By Kevin O’Sullivan
A couple of things to keep you distracted for the weekend. Well, five minutes of it at least.
The best history-related writing I happened upon this week came not from the stack of foreign aid books and articles that I’ve been (enjoyably) making my way through, but from a piece in The Economist on the privatisation of the space industry:
The past, despite the disclaimer often found on advertisements for financial products, often can be a guide to the future.
How apt for our own ‘interesting’ times.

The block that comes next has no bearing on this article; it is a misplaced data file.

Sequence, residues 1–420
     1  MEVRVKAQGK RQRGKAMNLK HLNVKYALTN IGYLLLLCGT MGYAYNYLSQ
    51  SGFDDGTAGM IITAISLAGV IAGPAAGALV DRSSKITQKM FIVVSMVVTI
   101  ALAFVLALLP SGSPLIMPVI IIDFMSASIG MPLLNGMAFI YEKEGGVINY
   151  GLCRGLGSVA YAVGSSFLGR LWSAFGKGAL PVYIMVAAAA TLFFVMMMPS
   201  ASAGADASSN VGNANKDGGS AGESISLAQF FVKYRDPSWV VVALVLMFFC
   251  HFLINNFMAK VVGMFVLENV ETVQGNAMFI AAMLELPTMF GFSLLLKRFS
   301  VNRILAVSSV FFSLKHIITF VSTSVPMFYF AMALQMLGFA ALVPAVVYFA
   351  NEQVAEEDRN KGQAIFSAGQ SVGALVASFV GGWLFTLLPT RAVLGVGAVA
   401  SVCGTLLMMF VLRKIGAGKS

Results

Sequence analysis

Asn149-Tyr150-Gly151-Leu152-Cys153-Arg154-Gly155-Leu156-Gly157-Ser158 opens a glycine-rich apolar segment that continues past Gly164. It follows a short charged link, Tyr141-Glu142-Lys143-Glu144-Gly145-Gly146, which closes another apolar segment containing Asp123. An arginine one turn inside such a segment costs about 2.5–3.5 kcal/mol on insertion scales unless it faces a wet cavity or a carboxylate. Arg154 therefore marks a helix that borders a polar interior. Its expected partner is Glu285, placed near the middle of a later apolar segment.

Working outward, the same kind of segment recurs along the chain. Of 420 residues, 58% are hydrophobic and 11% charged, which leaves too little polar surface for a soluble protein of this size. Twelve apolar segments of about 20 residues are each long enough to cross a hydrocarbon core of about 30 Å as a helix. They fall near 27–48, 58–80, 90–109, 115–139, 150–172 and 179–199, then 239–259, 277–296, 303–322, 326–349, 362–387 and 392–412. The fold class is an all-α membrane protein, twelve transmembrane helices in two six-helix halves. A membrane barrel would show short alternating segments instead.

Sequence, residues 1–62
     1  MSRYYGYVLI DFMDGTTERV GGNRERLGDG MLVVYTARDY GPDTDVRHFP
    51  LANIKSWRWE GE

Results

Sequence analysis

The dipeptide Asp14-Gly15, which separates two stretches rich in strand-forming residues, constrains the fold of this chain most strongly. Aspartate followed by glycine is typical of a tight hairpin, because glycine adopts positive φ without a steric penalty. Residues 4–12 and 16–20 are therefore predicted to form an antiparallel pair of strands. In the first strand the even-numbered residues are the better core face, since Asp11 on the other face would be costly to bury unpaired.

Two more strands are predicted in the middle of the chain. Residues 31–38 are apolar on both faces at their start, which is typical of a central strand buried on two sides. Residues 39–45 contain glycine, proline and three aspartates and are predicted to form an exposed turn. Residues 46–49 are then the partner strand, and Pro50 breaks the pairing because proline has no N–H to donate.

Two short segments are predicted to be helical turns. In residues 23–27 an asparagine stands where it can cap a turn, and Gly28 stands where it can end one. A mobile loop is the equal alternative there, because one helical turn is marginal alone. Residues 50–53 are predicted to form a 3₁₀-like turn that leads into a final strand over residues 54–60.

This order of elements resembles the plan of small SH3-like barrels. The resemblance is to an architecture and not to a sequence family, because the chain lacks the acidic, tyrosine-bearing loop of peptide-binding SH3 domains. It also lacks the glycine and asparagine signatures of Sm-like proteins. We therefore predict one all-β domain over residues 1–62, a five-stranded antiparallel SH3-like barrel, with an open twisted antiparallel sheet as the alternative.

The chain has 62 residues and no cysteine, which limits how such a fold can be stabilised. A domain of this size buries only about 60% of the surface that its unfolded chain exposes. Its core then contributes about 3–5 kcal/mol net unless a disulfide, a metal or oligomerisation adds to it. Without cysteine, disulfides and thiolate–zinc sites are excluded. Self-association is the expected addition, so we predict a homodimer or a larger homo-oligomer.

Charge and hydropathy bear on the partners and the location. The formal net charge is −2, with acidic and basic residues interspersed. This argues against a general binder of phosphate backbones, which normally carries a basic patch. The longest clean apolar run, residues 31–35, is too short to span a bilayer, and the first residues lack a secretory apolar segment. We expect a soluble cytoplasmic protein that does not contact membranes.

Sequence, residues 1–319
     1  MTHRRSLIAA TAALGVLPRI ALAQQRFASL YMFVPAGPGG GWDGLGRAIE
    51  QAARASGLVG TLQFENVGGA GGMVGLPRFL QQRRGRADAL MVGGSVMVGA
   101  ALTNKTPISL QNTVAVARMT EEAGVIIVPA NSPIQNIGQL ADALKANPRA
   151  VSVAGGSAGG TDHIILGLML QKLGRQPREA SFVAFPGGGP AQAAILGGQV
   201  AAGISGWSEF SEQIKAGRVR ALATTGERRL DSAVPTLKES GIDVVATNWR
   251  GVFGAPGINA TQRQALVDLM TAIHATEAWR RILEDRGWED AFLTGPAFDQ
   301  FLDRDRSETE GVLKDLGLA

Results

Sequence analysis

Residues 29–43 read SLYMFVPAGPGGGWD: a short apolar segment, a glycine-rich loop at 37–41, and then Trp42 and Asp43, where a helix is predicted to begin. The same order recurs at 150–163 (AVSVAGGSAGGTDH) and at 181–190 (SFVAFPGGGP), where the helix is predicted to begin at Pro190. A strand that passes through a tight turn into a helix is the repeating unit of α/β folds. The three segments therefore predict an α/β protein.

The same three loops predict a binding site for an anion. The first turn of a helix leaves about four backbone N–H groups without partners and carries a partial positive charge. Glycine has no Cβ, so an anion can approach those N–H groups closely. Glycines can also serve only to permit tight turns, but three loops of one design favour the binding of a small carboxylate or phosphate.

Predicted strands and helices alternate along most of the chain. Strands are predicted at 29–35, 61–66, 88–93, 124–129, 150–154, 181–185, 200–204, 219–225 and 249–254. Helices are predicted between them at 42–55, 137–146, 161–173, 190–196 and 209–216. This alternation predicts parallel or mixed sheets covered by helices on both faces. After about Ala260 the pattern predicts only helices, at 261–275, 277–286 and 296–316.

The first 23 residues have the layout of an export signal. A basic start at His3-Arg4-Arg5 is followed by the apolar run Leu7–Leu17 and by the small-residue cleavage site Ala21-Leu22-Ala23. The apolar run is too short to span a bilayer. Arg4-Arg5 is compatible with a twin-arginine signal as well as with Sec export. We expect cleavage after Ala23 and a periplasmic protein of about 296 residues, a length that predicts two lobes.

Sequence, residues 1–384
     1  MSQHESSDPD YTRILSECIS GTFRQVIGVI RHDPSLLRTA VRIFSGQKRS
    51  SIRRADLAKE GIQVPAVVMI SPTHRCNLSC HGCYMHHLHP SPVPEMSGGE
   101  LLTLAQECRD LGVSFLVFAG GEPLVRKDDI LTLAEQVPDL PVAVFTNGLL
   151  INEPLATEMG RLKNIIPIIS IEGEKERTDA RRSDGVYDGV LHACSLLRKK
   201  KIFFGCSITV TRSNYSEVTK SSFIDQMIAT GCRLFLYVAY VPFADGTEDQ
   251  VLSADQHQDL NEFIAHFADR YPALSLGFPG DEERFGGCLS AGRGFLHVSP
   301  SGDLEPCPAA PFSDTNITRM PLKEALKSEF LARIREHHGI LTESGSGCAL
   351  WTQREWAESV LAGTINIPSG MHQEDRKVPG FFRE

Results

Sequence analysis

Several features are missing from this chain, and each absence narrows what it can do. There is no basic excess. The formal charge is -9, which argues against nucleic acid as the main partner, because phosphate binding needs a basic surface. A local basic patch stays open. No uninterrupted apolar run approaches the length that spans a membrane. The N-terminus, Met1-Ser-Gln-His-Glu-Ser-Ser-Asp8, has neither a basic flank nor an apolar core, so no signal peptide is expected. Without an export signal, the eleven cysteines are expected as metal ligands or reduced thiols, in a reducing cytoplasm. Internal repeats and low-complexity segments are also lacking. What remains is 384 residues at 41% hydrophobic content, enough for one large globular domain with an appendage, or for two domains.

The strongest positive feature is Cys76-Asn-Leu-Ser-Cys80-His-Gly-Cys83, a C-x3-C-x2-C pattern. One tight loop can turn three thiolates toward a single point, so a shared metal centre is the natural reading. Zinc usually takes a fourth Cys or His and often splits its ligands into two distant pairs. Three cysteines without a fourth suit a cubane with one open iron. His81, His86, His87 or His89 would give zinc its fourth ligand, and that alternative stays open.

My second discovery is something that I’m sure those of you with a superior knowledge of nineteenth century Irish history caught up with a long time ago, but, hey, it’s new to me. On the 10 September podcast from Nature magazine, there is a discussion of the newly revealed genetic sequence of Phytophthora infestans, more commonly known as potato blight, in which one of the report’s authors Sophien Kamoun describes how the disease originated in wild potatoes in Mexico, made its way somehow into North America before being brought to Europe and Ireland, with all of its disastrous consequences. You can listen to the discussion at the start of the podcast below or read about it here.